by Susan J. Aluise | July 16, 2013 12:30 pm
Investors breathed a sigh of relief on Monday as investigators all but conclusively ruled out lithium-ion batteries as playing a role in Friday’s fire on an Ethiopian Airlines Boeing (BA) 787 Dreamliner parked at London’s Heathrow Airport.
The empty Ethiopian Airlines jet — the first Dreamliner to resume revenue service after regulators ended the 787’s 123-day grounding in mid-April — caught fire after having been parked for hours. Also on Friday, a Thomson Airlines Dreamliner en route from Manchester, England, to Florida developed a technical problem about 450 miles southwest of Ireland and was forced to turn back. The airline characterized the incident as a “minor technical issue.”
The lithium-ion battery apparently did not play a role in either of these incidents — and that’s why investors’ spirits (and BA shares) were buoyed Monday, jumping nearly 4%. But the market’s exuberance could be short-lived if investigators find that the fire — and a “technical glitch” that caused another Dreamliner to turn back Friday — are symptoms of broader challenges with the model’s innovative electrical system.
Here are four reasons Boeing’s rebound may be short-lived:
We still don’t know what caused Friday’s fire. When it comes to a business like commercial aviation, which depends on public trust, what you don’t know can hurt you. The Dreamliner, which battled countless production challenges and nearly four years of delays before this year’s grounding, has delivered 68 of the jets to 13 airline customers so far. Perhaps more significant, the model has a cumulative total of just 16 months of commercial service and has experienced 14 incidents, according to the Aviation Safety Network’s database. Six of those incidents resulted in the flights turning back or diverting to another airport. None of this is helping public opinion about the Dreamliner.
Questions linger over the 787’s electrical system. If the batteries are not the problem, investigators might need to put the aircraft’s revolutionary electrical system under the microscope. Traditional jet aircraft rely heavily on pneumatics, which pull power from the engines to create electricity to run all the other onboard systems. Because pneumatic systems are heavier, less powerful and burn more fuel, BA designed an electric system for the 787. Boeing says Dreamliner’s six generators produce more electricity to power systems while using remote power distribution units to feed systems more efficiently, as pictured here. Several of the 787 incidents referenced above involved failures in the aircraft’s electrical system — including a 2010 fire in a test aircraft’s P100 power distribution panel and a December 2012 generator problem in a United Airlines (UAL) Dreamliner.
Damage to Ethiopian Airlines’ jet raises questions about composites. The fire clearly burned through the top of the fuselage in front of the tail. The battery was quickly dismissed as the source because the burned areas are immediately above the two auxiliary power unit starter generators — and half a plane away from the closest lithium-ion battery. The damage, however, is in a very critical area on the aircraft, and we don’t know how difficult or expensive it will be to repair fire damage. It could take several days before we know the full story, but the worst-case scenario would be that the damage is extensive enough for the jet to be written off as a hull loss. If that were to happen — although there is no evidence to suggest that outcome so far — it could prove damaging to the aircraft’s future.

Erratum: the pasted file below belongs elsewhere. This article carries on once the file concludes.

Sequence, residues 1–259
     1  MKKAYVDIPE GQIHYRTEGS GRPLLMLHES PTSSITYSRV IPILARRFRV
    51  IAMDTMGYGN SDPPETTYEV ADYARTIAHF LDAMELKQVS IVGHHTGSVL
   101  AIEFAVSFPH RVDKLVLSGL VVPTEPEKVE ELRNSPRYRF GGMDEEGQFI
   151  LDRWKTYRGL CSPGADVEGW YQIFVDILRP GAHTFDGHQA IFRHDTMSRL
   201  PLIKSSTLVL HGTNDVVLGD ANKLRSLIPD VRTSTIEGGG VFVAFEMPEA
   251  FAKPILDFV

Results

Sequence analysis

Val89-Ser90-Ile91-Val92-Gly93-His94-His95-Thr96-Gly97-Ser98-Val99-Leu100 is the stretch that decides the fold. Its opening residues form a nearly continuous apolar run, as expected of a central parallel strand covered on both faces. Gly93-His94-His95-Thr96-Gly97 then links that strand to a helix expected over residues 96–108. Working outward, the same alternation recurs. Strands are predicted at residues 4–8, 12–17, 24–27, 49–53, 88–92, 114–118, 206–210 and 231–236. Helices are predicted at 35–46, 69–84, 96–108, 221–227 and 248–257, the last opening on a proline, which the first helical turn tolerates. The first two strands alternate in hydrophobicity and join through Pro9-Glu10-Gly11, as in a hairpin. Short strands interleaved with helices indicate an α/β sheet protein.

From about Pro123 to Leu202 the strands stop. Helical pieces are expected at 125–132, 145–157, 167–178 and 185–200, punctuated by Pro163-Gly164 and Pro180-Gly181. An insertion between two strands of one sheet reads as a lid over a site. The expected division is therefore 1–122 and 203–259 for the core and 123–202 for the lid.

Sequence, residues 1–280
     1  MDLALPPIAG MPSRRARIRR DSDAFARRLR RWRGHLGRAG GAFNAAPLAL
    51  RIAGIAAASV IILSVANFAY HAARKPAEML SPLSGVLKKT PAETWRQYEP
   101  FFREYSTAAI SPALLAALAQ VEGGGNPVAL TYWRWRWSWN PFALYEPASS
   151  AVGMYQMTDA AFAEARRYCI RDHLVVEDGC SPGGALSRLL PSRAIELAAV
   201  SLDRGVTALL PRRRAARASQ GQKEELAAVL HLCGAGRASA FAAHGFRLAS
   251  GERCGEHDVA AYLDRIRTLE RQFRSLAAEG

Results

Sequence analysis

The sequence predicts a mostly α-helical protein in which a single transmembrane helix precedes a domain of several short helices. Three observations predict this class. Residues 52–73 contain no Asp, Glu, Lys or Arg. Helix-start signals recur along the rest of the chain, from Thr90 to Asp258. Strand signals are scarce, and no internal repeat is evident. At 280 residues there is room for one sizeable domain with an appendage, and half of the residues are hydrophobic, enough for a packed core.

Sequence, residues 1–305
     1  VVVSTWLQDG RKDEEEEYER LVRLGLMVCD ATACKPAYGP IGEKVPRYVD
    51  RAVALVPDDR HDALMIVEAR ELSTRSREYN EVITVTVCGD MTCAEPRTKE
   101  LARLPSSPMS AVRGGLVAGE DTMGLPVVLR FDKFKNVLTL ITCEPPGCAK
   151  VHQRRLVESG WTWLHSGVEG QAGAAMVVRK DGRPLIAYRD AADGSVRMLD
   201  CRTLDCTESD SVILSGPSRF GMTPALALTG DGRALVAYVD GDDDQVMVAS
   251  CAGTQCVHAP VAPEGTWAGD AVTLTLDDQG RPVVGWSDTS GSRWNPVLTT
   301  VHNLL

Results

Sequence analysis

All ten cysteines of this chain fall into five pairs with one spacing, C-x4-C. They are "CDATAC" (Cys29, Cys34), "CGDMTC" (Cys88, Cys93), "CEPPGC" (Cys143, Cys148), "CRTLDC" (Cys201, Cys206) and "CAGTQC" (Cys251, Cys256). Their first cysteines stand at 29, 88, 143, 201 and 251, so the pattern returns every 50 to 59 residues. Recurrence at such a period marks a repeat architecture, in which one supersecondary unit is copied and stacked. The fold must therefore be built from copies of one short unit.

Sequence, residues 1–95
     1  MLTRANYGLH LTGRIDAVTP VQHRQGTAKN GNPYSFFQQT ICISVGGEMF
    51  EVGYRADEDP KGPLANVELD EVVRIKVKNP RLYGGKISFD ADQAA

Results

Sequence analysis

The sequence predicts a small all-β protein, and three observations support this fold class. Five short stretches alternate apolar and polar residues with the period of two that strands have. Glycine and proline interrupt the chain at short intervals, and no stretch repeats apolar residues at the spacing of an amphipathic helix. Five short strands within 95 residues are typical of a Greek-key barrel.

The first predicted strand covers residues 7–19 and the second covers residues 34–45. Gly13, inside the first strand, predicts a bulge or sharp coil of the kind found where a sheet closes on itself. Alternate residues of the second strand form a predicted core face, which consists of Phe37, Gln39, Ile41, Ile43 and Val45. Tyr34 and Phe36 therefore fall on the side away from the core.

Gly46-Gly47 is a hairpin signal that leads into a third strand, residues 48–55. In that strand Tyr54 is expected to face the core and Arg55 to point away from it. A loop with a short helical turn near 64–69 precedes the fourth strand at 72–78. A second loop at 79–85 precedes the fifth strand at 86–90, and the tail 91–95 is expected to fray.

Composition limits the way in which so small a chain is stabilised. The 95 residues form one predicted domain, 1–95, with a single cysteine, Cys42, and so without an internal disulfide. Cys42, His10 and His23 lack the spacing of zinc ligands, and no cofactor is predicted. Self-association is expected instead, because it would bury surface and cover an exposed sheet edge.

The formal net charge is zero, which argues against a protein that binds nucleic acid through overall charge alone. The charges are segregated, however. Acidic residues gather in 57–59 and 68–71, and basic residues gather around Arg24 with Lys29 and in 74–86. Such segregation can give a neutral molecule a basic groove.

ETOPs issues could rise again. While regulators are unlikely to ground the aircraft again without evidence of another serious safety problem, the recent raft of diversions and emergency landings could prompt them to reassess the Dreamliner’s certification for extended operations over water. The 787 currently is certified to fly routes that are three hours away from a diversion airport. Many sales — particularly to foreign carriers — were made under the assumption that the 787’s ETOPs certification would be further boosted to five and a half hours. If the FAA concludes that presently unknown factors — including potential electrical systems glitches — could adversely impact the 787’s airworthiness in flight, it would put Boeing on the hot seat with customers who bought the plane for long-haul transoceanic routes.
It will take time to sort out not only what caused last Friday’s Dreamliner fire, but whether there are any potential air safety issues that could stem from the other technical glitches. Questions that don’t prompt easy answers — such as why Thomson Flight 126 flew in a holding pattern for three hours instead of using the Dreamliner’s advanced jettison system to dump fuel — don’t help the 787’s image now.
Regulators, aviation experts and airline customers are confident that the Dreamliner is safe — otherwise the plane would not be in service today. But every time a new glitch hits the news, Boeing must shift into PR mode — at best, a distraction from the real work of building its business and next generation aircraft like the 777X and 737MAX.
Boeing must put Dreamliner’s “teething problems” behind it now, or risk becoming raw meat to angry shareholders.
As of this writing, Susan J. Aluise did not hold a position in any of the aforementioned securities.
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